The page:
Planting a holly tree can be a seamless, successful procedure providing that research is done in advance of planting to determine the best growing environment for a holly tree and that the site is prepared to the holly tree's specifications. There are several varietals of the holly tree, or Ilex opaca, and many varietals require the presence of both a male and a female holly in order for the holly tree to be able to produce its signature red berries. For this reason, holly trees are often planted in stands or clusters rather than as a standalone specimen or accent planting. Learn from experts how to plant and care for a holly tree in your own home garden or landscape setting.
The holly tree is an evergreen broadleaf tree that grows well in USDA Plant Hardiness Zones 5 through 8. Common landscaping choices that involve a holly tree include privacy screens, hedge plantings, grouped specimen plantings, and protective plantings. The holly tree foliage and berries are also popular choices for fall and winter holiday decorations.
The holly tree prefers loamy, sandy moist soil with excellent drainage and a pH of between 3.5 and 6.0. Care must be taken to ensure adequate space as mature holly trees can reach 50 feet high by 40 feet wide depending on the varietal. Additionally, holly trees do not fare well when exposed to the hottest summer sunlight, so placing them in a location that receives some afternoon shelter and shade is ideal. Due to the great number of different holly varietals, it can be helpful to consult a local gardening association or nursery to determine the best type of holly for growing in your area.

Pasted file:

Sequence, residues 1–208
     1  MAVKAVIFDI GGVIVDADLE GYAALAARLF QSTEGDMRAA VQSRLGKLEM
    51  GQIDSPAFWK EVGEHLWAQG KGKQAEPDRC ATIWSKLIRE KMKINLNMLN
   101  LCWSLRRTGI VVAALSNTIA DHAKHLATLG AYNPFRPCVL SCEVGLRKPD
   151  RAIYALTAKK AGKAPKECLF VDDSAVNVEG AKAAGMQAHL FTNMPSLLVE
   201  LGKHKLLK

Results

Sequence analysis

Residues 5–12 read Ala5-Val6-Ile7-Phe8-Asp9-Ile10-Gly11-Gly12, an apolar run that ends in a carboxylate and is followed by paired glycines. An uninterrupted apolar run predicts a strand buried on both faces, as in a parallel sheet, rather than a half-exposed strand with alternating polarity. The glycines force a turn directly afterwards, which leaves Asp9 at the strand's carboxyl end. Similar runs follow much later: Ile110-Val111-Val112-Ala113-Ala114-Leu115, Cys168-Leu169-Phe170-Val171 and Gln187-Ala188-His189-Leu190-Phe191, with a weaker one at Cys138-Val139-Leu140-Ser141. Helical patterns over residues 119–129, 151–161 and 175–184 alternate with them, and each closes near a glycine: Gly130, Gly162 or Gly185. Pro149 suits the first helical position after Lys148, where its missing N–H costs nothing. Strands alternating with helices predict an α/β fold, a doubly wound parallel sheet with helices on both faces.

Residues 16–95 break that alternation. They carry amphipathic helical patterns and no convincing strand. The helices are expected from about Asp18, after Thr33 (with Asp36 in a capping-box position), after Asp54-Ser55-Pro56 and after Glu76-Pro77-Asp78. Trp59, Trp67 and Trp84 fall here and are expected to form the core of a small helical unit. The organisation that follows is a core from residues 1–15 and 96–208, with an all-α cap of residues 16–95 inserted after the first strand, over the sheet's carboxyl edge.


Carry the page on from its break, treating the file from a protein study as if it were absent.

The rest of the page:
The best time to plant a holly tree is in the early spring after the last frost has passed but before summer's heat arrives. Holly trees sometimes will drop their leaves at the shock of planting or transplanting, and this is not behavior to worry about overmuch, although it is wise to cut back on watering somewhat until new growth reappears. Otherwise, holly trees should be kept well mulched and watered as they grow, and should be offered protection from extreme weather or high winds. Offering holly trees acidic fertilizer for evergreen trees should be done in spring and autumn as needed to foster growth and aid in bright leaf color and berry formation. If pruning is needed, the best time to prune is early in the springtime, and pruning should follow the tree's natural shape closely.
Holly trees can struggle with pests, including scale and leaf miner, and ailments that range from leaf spot to iron chlorosis. Adding iron back to the soil can assist with yellowing leaves that are a common sign of iron chlorosis. For garden pests, removal of affected foliage wherever possible and treatment with commercial pesticides is the best approach. Fungicides and fungal oils are the right approach for fungal diseases like leaf spot.